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Nautilus Papers

Pr0teusUnbound

GPO
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Nov 6, 2012
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135
this is interesting.

is it possible that researcher misidentified the memory centers of the nautilus brain?
 

robyn

Vampyroteuthis
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Jan 19, 2007
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Hi ProteusUnbound - since I am the one responsible for these fine works (:biggrin2:), let me give you a bit more of an explanation than what the ScienceDaily blurb reports.

In coleoids (octopus, cuttlefish, squid), the brain contains several lobes that have been shown previously to be necessary for either (or both) the formation or storage of long term memory. These are the vertical lobes (VL) and frontal lobes (FL), which in coleoids sit right on top of the supraoesophageal nerve cord.

Nautilus brains are very different to coleoid brains. Their supraeospohageal nerve cord is just that - a ~2mm thick cord of primarily axonal tracts, with very little in the way of cell bodies. The VL and FL are completely absent from the nautilus brain. So we know that memory must be made and stored somewhere else in the nautilus brain, the question is where, and is this region (wherever it might be) somehow antecedent and homologous to the VL/FL in coleoids.

We still don't know this. The studies done on the papers D posted are behavioural, and there has been only one attempt to record LTP (a cellular signature of learning and memory) in Nautilus brains (we didn't find it, and this work is not published).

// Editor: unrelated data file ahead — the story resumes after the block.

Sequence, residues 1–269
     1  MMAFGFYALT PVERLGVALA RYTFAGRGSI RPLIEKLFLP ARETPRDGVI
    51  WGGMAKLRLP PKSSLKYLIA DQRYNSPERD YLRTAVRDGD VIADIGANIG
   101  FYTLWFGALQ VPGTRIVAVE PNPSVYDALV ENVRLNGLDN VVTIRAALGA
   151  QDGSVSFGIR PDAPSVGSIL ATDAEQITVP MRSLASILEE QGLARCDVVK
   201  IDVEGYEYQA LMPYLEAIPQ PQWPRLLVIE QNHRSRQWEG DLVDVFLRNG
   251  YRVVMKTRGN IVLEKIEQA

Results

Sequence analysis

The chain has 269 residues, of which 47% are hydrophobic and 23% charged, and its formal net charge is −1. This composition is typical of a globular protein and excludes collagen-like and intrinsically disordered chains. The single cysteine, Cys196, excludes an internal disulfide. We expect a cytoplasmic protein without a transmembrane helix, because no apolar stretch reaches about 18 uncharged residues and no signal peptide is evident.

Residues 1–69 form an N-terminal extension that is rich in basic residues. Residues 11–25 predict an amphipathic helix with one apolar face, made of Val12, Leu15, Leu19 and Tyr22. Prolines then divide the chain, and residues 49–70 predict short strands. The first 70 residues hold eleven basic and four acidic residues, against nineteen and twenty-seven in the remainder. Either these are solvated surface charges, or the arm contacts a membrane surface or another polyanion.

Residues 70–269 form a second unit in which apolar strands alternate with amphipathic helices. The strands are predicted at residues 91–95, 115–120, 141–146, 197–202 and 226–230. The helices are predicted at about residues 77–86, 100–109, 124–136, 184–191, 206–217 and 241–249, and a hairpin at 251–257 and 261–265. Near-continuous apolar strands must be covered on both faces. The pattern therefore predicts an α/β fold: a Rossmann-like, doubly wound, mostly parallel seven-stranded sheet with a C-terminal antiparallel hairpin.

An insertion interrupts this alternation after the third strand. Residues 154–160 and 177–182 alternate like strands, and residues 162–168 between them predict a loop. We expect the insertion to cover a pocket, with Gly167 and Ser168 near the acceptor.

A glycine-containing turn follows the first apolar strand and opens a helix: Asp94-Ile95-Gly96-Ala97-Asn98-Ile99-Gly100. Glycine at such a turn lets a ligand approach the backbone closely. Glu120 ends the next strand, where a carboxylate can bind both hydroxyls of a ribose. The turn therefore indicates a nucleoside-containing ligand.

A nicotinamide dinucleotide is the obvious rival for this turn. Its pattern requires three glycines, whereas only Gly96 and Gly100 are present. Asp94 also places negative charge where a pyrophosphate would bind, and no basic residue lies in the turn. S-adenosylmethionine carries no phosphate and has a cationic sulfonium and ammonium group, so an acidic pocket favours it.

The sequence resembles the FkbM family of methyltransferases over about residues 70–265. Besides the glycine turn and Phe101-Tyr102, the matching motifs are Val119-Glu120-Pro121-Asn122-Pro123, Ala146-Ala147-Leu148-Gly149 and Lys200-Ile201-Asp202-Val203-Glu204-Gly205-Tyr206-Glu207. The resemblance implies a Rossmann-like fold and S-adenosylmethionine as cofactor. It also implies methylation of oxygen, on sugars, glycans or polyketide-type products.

So whatever the learning and memory areas are in Nautilus (assuming they are indeed localised and not diffuse), we do not know where they are, what they look like or what they are homologous to in the coleoid brain. It's not so much that we 'misidentified' them - since we know they can't be the same as coleoids, we don't know what they are at all.

Here is the citation of the paper that the ScienceDaily article describes: http://jeb.biologists.org/content/211/12/1992.short
 

Pr0teusUnbound

GPO
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Nov 6, 2012
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135
robyn;196488 said:
So whatever the learning and memory areas are in Nautilus (assuming they are indeed localised and not diffuse), we do not know where they are, what they look like or what they are homologous to in the coleoid brain. It's not so much that we 'misidentified' them - since we know they can't be the same as coleoids, we don't know what they are at all.

i was worried about that. the the mechanisms of learning/memory in humans is just as fuzzy.
 
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